Responsible Hospitality Edmonton is a policy and service-focused office within the City of Edmonton’s corporate structure. RHE is comprised of two sections: the Public Safety Compliance Team and the Street-as-a-Venue Program.
RHE’s work centres around supporting the six core elements of hospitality destinations:
- Multi-use sidewalks
- Quality of life for residents, visitors, and businesses
- Late-night transportation
- Public Safety
- Venue Safety
To do this, our three main areas of focus are:
- Managing Whyte Avenue and Jasper Avenue hospitality destinations as venues through the Street-as-a-Venue program
- Ensuring licensed venues know and comply with rules and standards meant to keep people safe through the Public Safety Compliance Team
- City-wide work that supports the understanding of the late night economy and how it impacts services, procedures and/or policies
RHE manages the impacts of two of the busiest hospitality zones in the city – Whyte Avenue in Old Strathcona and Jasper Avenue. “Street-as-a-Venue” (SAV) is a program that treats these zones as a single entertainment venue or event. This makes it possible to coordinate efforts to improve the overall atmosphere and services of each area.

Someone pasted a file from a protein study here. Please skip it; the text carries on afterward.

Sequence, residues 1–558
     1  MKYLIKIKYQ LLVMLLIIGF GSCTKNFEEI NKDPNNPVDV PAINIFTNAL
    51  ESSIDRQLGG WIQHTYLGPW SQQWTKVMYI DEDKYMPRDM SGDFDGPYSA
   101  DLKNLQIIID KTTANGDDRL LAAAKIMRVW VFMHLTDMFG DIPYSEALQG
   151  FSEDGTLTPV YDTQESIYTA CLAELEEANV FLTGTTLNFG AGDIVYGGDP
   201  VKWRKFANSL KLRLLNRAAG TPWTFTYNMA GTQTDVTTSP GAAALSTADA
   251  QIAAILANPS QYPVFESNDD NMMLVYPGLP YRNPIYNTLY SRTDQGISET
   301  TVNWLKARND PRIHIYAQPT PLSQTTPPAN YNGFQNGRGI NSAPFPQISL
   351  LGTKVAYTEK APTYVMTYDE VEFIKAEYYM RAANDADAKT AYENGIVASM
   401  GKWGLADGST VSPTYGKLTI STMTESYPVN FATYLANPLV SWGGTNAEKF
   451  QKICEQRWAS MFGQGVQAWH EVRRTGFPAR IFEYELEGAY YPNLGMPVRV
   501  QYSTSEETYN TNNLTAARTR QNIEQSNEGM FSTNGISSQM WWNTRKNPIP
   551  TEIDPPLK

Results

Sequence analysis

SAV work also includes Patron Responsibility campaigns that encourage patrons to behave responsibly while having fun. These campaigns have addressed subjects including jaywalking, noise, fighting, and public washrooms.
Public Safety Compliance
The Public Safety Compliance Team (PSCT) works directly with owners and operators of licensed facilities and events, as well as after-hours clubs and events, to ensure a safe environment for patrons, staff and the community. PSCT provides preventive and educational advice and promotes responsible management practices. PSCT is a multi-agency team made up of the Edmonton Police Service, Edmonton Fire Rescue Service, the Alberta Gaming and Liquor Commission, and the City of Edmonton Community Standards Branch.
RHE works closely with a variety of partners, including within the City of Edmonton, to provide advice and support on a number of issues. Key examples include:
- Completion of a Late-Night Economic Impact Assessment in 2011 to better understand the industry and its contributions to Edmonton’s economy.
- Changes to the business licensing bylaw. Business licensing for liquor-licensed premises was streamlined to “Minors allowed” or “Minors prohibited.” A number of control plans are required for minors prohibited establishments. These include Noise Control, Patron Management, Security, and Medical/Safety Plans.
- Best Bar None, in partnership with Alberta Gaming and Liquor Commission and Edmonton Police Service, an accreditation and awards program promoting the responsible management and operation of liquor-licensed premises.
For more information about RHE, please watch our video.